Victoria said she was taking part in the World’s Greatest Shave, from March 14-17, because she was diagnosed with a severe blood cancer, acute aplastic anaemia, when she was four.
‘When I was younger I had cancer,’ she said. ‘Some people shaved heads and I got a wig out of their hair ” I thought I could do the same.’
The St Andrews Catholic Primary School student said she was a little worried about what people would say but that wouldn’t deter her.
Her mother, Kristy Taylor said she had been apprehensive, but it was something Victoria really wanted to do.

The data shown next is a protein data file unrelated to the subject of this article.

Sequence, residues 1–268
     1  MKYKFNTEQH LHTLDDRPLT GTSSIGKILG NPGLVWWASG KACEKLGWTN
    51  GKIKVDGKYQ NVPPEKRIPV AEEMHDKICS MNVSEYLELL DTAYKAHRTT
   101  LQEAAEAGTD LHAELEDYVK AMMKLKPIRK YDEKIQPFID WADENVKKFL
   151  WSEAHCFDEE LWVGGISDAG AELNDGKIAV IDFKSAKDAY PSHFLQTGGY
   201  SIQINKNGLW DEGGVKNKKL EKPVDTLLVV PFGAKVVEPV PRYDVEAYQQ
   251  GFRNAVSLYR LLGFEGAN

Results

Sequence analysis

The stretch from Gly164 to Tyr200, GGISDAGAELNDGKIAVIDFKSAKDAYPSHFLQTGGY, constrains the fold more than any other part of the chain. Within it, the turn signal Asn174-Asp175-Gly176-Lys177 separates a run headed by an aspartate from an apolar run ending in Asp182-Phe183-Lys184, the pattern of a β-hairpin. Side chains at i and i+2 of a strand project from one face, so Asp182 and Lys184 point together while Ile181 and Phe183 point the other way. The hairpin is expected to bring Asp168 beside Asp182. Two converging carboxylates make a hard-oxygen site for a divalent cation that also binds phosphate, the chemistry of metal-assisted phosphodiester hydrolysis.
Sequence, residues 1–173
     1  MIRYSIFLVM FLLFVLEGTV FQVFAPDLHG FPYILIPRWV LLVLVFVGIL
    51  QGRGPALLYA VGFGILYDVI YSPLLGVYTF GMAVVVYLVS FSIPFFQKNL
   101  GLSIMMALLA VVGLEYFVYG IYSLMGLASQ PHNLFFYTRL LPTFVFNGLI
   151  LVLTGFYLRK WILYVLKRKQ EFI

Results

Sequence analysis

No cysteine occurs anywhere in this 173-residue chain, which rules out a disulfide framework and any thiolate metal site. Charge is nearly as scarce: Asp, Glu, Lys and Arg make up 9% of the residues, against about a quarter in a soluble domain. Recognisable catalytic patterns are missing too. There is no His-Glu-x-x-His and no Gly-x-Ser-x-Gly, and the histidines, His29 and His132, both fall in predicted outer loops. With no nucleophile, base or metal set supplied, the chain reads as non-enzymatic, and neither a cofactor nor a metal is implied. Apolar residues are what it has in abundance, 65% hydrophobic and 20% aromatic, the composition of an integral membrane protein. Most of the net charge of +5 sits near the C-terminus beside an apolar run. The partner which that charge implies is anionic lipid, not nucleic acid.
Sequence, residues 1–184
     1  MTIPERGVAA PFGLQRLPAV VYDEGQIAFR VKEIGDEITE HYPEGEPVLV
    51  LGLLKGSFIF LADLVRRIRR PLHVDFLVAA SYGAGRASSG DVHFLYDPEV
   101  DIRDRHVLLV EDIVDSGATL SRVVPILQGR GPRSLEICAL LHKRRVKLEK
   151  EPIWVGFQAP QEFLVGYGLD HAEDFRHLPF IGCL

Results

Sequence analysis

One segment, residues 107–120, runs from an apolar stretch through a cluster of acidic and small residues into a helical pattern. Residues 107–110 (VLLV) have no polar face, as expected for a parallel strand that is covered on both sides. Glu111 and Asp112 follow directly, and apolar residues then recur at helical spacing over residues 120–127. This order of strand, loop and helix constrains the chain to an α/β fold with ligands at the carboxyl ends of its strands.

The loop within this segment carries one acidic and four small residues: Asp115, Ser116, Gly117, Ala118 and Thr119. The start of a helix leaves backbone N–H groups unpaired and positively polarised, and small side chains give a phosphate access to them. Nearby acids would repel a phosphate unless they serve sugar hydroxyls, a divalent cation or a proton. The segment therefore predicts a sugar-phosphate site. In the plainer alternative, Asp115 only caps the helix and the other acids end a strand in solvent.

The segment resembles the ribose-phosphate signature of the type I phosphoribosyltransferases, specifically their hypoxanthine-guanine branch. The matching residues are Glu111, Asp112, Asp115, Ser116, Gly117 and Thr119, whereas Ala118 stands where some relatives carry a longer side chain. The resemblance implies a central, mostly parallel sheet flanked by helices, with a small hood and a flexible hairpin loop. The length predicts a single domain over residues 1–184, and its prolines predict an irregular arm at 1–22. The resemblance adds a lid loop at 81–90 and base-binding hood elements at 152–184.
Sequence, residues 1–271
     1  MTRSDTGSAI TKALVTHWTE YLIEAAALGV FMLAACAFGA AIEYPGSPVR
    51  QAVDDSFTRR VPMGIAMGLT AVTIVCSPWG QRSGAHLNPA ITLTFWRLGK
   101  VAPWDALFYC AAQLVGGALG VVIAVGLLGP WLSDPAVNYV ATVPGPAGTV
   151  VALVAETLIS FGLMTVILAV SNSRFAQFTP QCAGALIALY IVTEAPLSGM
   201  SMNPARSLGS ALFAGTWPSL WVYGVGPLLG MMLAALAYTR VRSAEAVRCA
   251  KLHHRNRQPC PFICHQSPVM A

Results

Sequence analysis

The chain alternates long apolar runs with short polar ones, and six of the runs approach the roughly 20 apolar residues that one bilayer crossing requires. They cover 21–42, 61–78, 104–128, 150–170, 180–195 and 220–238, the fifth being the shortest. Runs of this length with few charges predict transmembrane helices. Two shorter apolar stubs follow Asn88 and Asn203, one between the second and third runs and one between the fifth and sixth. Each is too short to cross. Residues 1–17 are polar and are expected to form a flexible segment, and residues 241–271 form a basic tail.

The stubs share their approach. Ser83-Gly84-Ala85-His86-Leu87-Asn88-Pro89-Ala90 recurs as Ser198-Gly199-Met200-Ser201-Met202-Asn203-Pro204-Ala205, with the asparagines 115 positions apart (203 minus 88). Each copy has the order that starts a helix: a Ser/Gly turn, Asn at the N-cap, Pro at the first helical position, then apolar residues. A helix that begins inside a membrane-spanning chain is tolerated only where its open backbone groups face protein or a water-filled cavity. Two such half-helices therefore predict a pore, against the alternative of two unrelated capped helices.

‘I’m really proud of her,’ she said.
Ms Taylor said it had been hard when her daughter lost her hair during her cancer treatment, but it was worth it.
‘At the time, it is really devastating but then you do look at ‘she’s here’ ” at the end of the day, it’s just hair,’ she said.
Leukaemia Foundation WA manager Carolyn Turner said they expected 23 western Australians to be diagnosed with leukaemia, lymphoma or myeloma each week.
‘Research is improving survival rates, but blood cancer is still Australia’s biggest cancer killer after lung cancer,’ she said.
Victoria wants to raise $1000 .
To donate, visit worldsgreatestshave.com and search for an individual to sponsor.